This has led me to think about the very nature of our communications, and how all of our correspondences now seem that much less personal and human and more automated and curt. All of the amazing technology we have access to has served only to reduce our interactions with others to a ‘like’ on Facebook, (or other equally flimsy acknowledgement). It seems easier too, to ‘talk’ online, where we can hide our humanity behind a screen, where we can be anybody we choose. Our responses can be as cold and unfeeling as we please, without fear of recrimination, even our human emotions seem to be diminished, because what we feel needs to fit nicely into one of a handful of emoticons. It all seems terribly ‘flat’ somehow, as if all the colour has been bleached out of our language, as if we are slowly being forced into the neat little boxes technology has provided us with.

old envelope

Call it exaggeration, but it all brings to mind George Orwell’s ‘Nineteen Eighty Four’, and in particular, a scene where Syme, a work-colleague of Winston Smith, gushes over Newspeak (the official language of Oceania. It was a language devised to meet the ideological needs of English Socialism).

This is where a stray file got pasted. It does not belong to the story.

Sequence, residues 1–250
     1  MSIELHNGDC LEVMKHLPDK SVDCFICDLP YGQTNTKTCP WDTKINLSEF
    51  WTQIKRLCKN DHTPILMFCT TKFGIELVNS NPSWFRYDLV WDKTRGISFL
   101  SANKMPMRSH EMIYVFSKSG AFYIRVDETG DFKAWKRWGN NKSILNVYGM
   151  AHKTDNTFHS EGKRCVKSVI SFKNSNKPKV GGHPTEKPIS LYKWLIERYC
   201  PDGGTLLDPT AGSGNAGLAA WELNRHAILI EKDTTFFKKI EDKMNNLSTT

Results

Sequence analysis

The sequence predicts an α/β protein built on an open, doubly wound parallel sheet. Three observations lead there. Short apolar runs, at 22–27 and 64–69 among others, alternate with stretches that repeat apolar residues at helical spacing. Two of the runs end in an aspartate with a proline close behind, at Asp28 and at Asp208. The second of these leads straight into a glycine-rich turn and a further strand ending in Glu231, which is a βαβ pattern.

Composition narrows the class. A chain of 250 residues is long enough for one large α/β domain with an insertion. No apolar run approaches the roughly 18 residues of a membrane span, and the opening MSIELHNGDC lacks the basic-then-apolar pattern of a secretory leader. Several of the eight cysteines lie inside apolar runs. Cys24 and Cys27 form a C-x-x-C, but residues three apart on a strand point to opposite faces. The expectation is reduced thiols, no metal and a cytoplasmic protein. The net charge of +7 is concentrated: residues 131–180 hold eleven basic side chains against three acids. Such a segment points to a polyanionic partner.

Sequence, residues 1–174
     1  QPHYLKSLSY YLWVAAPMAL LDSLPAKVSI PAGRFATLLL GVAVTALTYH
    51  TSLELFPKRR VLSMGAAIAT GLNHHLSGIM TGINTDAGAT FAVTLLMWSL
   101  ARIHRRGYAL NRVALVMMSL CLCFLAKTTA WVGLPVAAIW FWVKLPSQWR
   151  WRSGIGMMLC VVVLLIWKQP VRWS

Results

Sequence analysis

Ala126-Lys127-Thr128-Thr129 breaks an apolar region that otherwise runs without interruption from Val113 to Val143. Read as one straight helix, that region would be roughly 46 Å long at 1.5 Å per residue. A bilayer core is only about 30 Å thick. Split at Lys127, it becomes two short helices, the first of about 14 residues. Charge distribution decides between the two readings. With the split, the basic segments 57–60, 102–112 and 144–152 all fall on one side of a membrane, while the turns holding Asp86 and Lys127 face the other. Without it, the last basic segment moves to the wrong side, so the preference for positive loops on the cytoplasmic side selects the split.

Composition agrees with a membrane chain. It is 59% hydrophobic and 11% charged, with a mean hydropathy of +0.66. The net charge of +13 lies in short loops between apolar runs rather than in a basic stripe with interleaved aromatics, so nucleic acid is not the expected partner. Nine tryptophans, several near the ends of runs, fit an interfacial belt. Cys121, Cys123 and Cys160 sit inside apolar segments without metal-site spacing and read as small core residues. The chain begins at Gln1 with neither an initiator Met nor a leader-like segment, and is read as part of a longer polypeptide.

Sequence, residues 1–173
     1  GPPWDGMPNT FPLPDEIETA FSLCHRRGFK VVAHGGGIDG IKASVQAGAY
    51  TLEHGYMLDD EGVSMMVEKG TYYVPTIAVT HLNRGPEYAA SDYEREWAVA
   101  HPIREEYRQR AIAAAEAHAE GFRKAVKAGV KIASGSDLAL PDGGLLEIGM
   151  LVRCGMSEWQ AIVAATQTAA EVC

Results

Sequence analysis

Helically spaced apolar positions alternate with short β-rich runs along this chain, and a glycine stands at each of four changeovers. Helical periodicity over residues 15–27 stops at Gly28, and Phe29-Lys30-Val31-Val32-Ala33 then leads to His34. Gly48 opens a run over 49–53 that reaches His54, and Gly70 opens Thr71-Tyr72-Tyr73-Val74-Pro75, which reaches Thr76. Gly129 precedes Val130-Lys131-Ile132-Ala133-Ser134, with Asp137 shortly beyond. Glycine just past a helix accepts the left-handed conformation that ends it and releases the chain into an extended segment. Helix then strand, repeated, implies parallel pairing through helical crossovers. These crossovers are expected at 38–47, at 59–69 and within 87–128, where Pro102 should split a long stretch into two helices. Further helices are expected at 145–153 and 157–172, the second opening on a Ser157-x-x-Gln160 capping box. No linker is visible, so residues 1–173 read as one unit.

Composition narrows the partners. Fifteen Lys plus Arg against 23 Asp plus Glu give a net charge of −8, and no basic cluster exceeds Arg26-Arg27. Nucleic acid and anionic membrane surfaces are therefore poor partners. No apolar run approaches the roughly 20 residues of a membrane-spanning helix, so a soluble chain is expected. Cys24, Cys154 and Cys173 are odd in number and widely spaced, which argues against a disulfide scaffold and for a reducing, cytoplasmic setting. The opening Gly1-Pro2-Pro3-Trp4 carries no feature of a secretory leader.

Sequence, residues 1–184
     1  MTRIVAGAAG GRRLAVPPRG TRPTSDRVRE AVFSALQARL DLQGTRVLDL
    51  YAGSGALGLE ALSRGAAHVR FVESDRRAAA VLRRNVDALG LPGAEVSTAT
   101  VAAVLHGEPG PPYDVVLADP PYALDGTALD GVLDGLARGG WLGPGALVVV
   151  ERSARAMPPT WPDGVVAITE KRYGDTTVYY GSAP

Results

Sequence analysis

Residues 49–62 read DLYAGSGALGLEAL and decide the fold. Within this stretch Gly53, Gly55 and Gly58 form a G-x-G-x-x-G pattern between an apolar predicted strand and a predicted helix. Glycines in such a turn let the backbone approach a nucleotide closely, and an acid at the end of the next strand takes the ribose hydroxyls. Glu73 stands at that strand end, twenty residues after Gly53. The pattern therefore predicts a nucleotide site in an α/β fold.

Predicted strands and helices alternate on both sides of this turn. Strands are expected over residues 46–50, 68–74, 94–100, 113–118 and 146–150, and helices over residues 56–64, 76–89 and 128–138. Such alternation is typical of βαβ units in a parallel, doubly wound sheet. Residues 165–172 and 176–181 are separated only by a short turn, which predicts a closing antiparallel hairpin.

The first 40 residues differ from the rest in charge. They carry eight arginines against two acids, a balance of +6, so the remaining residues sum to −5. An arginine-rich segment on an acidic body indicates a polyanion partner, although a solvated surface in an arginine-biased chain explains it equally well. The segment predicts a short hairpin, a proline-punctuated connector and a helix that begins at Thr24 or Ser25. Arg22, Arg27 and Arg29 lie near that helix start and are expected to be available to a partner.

“Don’t you see that the whole aim of Newspeak is to narrow the range of thought? In the end we shall make thoughtcrime literally impossible, because there will be no words in which to express it. Every concept that can ever be needed will be expressed by exactly one word, with its meaning rigidly defined and all its subsidiary meanings rubbed out and forgotten”

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My journey in XML, or ‘Blood, Sweat, and Tears’!